It was the next portion of Georgia's story that revealed the real significance of the Ragsdale Curtis Papers. During the 1960s Georgia became involved in the Civil Rights Movement and also taught and advised at local high schools as a teacher and later a guidance counselor. Papers regarding moves towards desegregation in the South, newspaper clippings for African American victories and civil rights parades, and magazines headlining civil rights related news fill several folders. Georgia is also revealed to have been a member of Delta Sigma Theta sorority, a member of the NAACP, and a participant in the March on Washington for Jobs and Freedom in 1963. Memorial fans for Martin Luther King, Jr., after his assassination in 1968, are also included, printed from the Hamlar-Curtis Funeral Home.  Yearbooks and school programs document Georgia's role as a teacher during the same time period. The next portion of the collection is made up of a large number of papers from the Blue Ridge Baptist Church of Roanoke, Virginia in which Georgia took a very active role from at least the 1960s through to her death on April 11, 2008. The third and final series of the collection contains the numerous family photographs of the Ragsdale and Curtis families.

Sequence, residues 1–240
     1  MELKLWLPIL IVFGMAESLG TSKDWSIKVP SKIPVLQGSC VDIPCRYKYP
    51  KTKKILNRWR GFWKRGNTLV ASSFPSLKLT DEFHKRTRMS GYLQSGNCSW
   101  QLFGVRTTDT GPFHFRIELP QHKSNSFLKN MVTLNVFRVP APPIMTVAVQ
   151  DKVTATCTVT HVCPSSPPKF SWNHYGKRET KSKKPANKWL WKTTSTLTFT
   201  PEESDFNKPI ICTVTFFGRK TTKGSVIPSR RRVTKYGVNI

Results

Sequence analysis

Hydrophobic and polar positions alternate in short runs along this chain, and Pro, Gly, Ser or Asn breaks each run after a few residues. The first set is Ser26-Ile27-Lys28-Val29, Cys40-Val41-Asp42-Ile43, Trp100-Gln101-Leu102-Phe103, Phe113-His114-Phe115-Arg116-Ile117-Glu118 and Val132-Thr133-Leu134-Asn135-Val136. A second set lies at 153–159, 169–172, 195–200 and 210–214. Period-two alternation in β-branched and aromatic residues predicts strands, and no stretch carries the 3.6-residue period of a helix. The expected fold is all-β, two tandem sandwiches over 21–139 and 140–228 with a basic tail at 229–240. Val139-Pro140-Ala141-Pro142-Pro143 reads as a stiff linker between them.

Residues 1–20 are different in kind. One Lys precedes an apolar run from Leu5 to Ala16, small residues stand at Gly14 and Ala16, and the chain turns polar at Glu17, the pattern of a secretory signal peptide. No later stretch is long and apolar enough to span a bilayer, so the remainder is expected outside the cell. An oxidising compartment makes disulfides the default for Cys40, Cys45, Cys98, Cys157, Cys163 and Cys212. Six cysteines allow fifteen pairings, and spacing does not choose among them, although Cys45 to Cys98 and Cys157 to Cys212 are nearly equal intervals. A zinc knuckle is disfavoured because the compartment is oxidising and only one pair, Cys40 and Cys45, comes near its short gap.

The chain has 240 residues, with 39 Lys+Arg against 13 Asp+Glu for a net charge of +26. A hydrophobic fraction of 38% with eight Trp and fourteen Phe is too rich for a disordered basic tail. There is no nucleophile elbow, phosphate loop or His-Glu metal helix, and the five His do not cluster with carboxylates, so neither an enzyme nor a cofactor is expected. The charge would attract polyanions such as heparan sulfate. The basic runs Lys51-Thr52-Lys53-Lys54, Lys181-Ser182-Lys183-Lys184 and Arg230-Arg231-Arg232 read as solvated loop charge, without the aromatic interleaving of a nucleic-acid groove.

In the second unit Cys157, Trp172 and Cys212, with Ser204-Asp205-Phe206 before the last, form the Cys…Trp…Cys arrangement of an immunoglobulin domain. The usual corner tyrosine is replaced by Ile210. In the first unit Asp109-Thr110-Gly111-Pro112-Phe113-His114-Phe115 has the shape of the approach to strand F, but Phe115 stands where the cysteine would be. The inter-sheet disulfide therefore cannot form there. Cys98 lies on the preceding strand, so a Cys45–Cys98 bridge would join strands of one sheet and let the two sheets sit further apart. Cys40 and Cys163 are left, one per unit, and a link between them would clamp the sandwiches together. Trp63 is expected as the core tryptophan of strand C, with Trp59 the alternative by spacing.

The William Welling Papers contain material of a very different nature than that in the Ragsdale Curtis Papers, but the process by which I approached its organization and the revelation of some significant aspects were similar. The Welling Papers were stored unorganized in eight large file boxes  when I first began to skim their contents to assess what I was working with and by the end would be housed in nine boxes of assorted sizes totaling 5.4 cubic feet. This makes the Welling Papers by far the largest collection I processed while here at the Special Collections Research Center this year. William Blodget Welling was born in 1924 and worked as a journalist for the Hamden Chronicle from 1949-1950. A large portion of Welling's papers came assorted into old binders that Welling evidently put together during his lifetime, describing an individual who was meticulously organized during his time as a writer. The first of these binders included his early journalism work such as clippings of his articles from publications. Welling's work soon turned away from writing news stories, however, to a strong focus on the history of photography. Huge masses of research material, printed and handwritten, on the history of photographic processes, methods and individual photographers make up a very large portion of the Welling collection. Welling went on to publish two books on the history of photography, A Collector's Guide to Nineteenth Century Photographs in 1976 and Photography in America: The Formative Years, 1839-1900 in 1978. Papers from Welling's negotiations with the publishing companies, promotional tactics, and events make up several folders. Other research for unfinished projects of Welling's such as work on the history of flight can also be found in the collection.